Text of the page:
You..ought to be out raising hell. This is the fighting age. Put on your fighting clothes.
Thursday June 18, 1903
Philadelphia, Pennsylvania - Mother Jones Leads March of 30,000 to City Hall
30,000 striking textile workers, fighting for a 55-hour week, marched through the city of Philadelphia yesterday. Mother Jones was at the head of the march with a little girl striker on each side of her. The streets were full of banners and signs:
Mother described her speech for us:
We want justice!
We want to go to school!
We want time to eat our meals and think!
I put the little boys with their fingers off and hands crushed and maimed on a platform. I held up their mutilated hands and showed them to the crowd and made the statement that Philadelphia's mansions were built on the broken bones, the quivering hearts and drooping heads of these children. That their little lives went out to make wealth for others. That neither state or city officials paid any attention to these wrongs. That they did not care that these children were to be the future citizens of the nation.
The officials of the city hall were standing in the open windows. I held the little ones of the mills high up above the heads of the crowd and pointed to their puny arms and legs and hollow chests. They were light to lift.
I called upon the millionaire manufacturers to cease their moral murders, and I cried to the officials in the open windows opposite, "Some day the workers will take possession of your city hall, and when we do, no child will be sacrificed on the altar of profit."
The officials quickly closed the windows, just as they had closed their eyes and hearts.
The Cincinnati Enquirer
-of June 18, 1903
The Autobiography of Mother Jones
-ed by Mary Field Parton
Charles H Kerr Pub, 1990
Pittston Strike Commemorative Edition
Wednesday June 18, 1913
Charleston, West Virginia - More testimony on the Attack on Holly Grove
There was a dramatic outburst from Senator Maritine this past Saturday. As he heard testimony about the attack on Holly Grove, the Senator from New Jersey rose to his feet and shouted:
What sort of man is this man, Paul Morton, I mean, Quinn Morton. Is he an ordinary American citizen that he could order such a thing.The attorneys for the coal operators also stood up and shouted, "Mr Morton will be brought before your committee and you will see him and talk to him."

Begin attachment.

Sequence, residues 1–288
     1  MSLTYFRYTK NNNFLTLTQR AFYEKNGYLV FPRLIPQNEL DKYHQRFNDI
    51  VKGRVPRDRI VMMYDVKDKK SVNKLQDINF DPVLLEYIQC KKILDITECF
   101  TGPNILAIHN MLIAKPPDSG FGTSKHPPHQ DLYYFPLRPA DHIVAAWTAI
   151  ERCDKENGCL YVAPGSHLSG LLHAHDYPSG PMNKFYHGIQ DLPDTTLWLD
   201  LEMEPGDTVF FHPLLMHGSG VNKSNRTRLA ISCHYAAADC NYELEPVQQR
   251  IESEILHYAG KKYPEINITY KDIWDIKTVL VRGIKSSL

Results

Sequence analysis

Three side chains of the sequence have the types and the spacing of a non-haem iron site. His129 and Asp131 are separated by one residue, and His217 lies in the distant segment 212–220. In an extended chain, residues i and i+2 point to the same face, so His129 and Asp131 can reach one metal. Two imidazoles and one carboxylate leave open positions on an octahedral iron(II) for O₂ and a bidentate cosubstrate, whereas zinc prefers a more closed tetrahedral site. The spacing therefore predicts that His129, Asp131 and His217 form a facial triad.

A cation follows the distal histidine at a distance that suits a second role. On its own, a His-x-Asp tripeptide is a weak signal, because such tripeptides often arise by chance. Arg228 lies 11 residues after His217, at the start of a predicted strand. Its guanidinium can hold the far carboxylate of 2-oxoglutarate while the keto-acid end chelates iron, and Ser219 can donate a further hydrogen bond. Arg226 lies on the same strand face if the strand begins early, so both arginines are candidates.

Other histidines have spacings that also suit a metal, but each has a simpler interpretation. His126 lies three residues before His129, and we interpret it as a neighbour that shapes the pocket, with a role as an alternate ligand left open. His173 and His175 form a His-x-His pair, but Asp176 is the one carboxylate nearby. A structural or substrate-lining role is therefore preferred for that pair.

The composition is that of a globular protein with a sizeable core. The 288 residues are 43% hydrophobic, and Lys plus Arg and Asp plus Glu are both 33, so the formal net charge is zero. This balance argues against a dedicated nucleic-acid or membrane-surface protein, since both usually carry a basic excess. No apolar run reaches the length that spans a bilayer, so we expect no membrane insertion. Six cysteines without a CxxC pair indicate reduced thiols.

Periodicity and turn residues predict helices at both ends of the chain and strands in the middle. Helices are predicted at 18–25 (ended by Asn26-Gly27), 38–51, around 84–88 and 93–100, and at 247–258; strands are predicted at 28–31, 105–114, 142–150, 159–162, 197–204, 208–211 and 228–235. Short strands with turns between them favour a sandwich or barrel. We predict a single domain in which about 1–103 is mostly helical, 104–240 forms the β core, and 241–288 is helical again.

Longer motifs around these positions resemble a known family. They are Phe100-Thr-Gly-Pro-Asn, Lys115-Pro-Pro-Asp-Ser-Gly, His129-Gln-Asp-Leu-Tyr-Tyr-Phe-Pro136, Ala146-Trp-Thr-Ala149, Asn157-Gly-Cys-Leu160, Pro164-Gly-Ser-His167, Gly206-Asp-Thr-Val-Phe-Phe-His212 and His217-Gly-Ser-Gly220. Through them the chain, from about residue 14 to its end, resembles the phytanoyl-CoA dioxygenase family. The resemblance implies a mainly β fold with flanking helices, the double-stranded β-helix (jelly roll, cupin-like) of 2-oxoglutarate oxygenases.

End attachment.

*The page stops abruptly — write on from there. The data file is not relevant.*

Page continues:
The Senator replied:
Lord help me, then.The Senators had been hearing testimony from the ex-mine guard, Lee Calvin, who was on the train at the time of the attack. He told how he was recruited that night by Sheriff Bonner Hill and Quinn Morton, a mine operator. There were 10 or 12 men with rifles on the armored train. He stated that he refused to take up a rifle when offered one. The lights were turned down, and they were told not to raise the windows but to shoot right through them.
As they approached Holly Grove, he saw a steady stream of gun fire coming from the baggage car where he knew a machine gun was mounted. Calvin denied seeing any gun fire coming from the tents before the attack began. He testified:
I just heard the engine whistle blow and the shooting from the train began. I am positive the shooting first began from the baggage car.As the train moved past Holly Grove, Calvin stated that Coal Operator Quinn Morton came running back Through the car and shouted:
Back up the train and we will give them another round.Quinn was reminded by the Sheriff that there were women and children in the camp.
It was at this point in the testimony that Senator Maritine jumped to his feet and had his outburst. When chastised by the coal attorneys for this show of emotion, The Senator responded:
I just can't help it.SOURCE
The New York Times
-of June 15, 1913
Tuesday June 18, 2013
From Democracy Now: Turkish Union Join Protests
See transcript here:
Confederation of Public Workers Unions on Facebook
Confederation of Progressive Trade Unions
(Would greatly appreciate any Turkish speaker who could tell me if this is the right page.)
"They'll never shoot that Union of me!"
They'll Never Keep Us Down, Hazel Dickens